Prints charming: That pesky Tourism Pays! campaign is causing no end of problems. The Denver Election Commission -- which at this time last fall was hunting down tens of thousands of missing absentee ballots that an out-of-state printer (what, no company closer than California could do such a bad job?) had failed to mail -- has just confessed to yet another in a long line of snafus. Turns out the white "Notice of Election" ballot book that the Tabor Amendment requires on any measures "to increase debt/taxes," the one that arrived in Denver mailboxes about ten days ago, failed to include "the statement in favor of Referred Measure 1A." And so the commission had to print another booklet and send it out to all those same mailboxes.
Alton Dillard, who used to run Senator Ben Nighthorse Campbell's Colorado office, just started a gig with the commission as a "media relations consultant" on Tuesday, which means he got the unenviable assignment of explaining what had happened. "Be gentle," he says. "It was a clerical error. The statement in favor of 1A got into the office so early that it got misfiled." The commission never got any statement from opponents of the heavily supported measure, he adds, "and since that first document was not located, we believed there was not any statement on either side." And so an incomplete booklet went to press, and it cost the commission (an independent agency funded by Denver) $43, 396.70 to correct the error by printing and mailing an addendum. "That's 26 cents per household to make sure voters of Denver had all the available information prior to casting their votes," notes Dillard.
Give that man a raise!
This past summer, Denver City Councilwoman Rosemary Rodriguez had discussed putting a measure on this same November ballot that would have changed the commission structure from an appointed director working for three elected commissioners to a single election clerk and recorder, but she decided to postpone the idea. Next time, council may just want to have the city elect an official proofreader.
But back to the bear that's pushing 1A. In the last commercial in the blue-bear series, its head comes off to revealMayor Hickenlooper, second only to the bear as the most overused mascot this election season. And while Hick did his own skydiving -- albeit tethered to a later airbrushed-out instructor -- for the pro-C and D campaign ad, a stunt dancer was definitely employed for this one.
It won't be the last we see of the bear, either. According to Rich Grant, spokesman for the Denver Metro Convention & Visitors Bureau -- who initially insisted that the blue bear starring in the commercials could be just any bear, and not just a riff on Argent's creation -- the blue bear will continue after the November 1 vote as a symbol for Denver tourism.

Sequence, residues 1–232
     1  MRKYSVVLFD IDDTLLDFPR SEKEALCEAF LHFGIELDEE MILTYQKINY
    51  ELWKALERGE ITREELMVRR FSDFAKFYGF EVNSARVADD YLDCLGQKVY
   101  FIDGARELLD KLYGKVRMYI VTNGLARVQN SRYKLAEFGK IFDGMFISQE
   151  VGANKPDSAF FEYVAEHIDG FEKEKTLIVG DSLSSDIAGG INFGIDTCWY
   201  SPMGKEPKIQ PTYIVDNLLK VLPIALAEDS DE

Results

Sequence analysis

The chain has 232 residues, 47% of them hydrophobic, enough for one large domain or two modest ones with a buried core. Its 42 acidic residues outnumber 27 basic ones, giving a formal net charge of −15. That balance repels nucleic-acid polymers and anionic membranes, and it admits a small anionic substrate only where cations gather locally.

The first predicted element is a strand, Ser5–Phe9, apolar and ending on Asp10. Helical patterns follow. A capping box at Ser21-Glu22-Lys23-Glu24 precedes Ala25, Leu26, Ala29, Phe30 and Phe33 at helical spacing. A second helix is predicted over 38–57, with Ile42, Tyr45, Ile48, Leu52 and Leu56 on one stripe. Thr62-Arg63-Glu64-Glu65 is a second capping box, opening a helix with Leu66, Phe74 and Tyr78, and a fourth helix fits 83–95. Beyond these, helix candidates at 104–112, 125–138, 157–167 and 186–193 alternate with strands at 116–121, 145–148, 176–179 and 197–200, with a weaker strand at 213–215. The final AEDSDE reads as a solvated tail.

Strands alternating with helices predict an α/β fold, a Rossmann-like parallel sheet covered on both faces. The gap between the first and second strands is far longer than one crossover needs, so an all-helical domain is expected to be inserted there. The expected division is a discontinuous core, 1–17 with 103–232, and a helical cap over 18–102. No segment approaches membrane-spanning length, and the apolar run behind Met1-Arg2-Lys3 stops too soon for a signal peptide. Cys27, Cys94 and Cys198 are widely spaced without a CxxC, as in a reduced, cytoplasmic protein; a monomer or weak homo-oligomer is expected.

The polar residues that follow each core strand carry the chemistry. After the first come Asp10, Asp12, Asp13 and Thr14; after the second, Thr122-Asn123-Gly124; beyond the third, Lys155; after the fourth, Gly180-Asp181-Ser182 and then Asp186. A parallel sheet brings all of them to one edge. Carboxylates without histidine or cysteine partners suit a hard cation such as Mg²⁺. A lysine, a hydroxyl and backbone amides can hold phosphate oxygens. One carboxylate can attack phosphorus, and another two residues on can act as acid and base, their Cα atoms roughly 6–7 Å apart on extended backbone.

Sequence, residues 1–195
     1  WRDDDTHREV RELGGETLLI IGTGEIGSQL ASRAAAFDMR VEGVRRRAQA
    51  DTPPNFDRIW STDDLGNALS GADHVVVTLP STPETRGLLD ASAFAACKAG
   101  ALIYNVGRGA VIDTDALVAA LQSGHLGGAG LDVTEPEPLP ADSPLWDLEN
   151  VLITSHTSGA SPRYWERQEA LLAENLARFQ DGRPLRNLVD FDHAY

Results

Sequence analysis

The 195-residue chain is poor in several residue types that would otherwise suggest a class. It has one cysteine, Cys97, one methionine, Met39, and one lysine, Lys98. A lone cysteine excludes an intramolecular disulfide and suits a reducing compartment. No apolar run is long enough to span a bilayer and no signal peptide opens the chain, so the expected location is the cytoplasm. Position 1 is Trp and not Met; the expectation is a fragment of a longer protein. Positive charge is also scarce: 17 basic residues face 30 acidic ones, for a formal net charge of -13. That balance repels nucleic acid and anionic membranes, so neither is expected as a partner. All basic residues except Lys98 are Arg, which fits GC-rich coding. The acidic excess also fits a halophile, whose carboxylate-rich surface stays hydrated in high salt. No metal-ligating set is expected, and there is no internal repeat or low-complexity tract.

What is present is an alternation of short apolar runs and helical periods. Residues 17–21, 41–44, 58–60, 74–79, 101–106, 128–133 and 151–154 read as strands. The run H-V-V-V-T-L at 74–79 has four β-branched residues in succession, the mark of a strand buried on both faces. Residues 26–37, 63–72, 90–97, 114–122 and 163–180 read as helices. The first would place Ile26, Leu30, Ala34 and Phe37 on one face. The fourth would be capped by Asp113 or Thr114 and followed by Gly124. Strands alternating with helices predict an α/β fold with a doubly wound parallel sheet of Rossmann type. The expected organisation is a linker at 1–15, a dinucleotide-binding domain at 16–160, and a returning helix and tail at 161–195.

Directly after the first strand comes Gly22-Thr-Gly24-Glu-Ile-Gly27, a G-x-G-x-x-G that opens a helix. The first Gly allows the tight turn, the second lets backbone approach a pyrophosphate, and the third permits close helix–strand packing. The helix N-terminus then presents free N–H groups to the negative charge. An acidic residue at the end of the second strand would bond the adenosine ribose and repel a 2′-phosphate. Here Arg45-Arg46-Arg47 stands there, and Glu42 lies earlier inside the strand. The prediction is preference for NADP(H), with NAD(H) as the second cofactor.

You deserve a break today: The McMad Neighbors weren't lovin' it. But now that the much-vilified McDonald's has opened at the corner of East Colfax Avenue and Krameria Street, many others are.
The burger palace made its debut last weekend to little fanfare -- or fighting. Over the past year, McMad yard signs had sprouted all over Park Hill, south City Park and Mayfair, where neighbors vehemently opposed having yet another drive-thru in their midst. Instead, they wanted more mixed-use development, with restaurants and retail on the bottom floor of a building and office and residential on the top floors -- much like the Main Street Zoning plan, which is being tested farther west on Colfax. But in March, the city zoning department approved the McDonald's application, and in July the Board of Adjustment overruled the neighborhood group's appeal.
The resulting restaurant is quite a feat of modern fast-food design. Instead of a Playland, the exterior features patio furniture and a bronze fountain that depicts children playing with a fireman's hose. Inside, another whimsical sculpture graces the well-appointed dining area. This is the Palm of McDonald's outlets. And customers have gone out of their way to thank the franchise owners for making the place look so good, says its manager.
But some neighbors still want to have it their way -- and two dozen of them have a lawsuit pending in district court against the city, McDonald's, the franchisee and the developer. "We think that is nothing but a veneer," McMad Neighbor John Lebsack says of the joint's impressive looks. "The real impact on the neighborhood has not been addressed at all. They didn't put any kind of buffer between the parking lot and the apartment houses. We asked for landscaping thereand the lights are horrendous. We're trying to deal with the city to see if there's something we can do with the lights."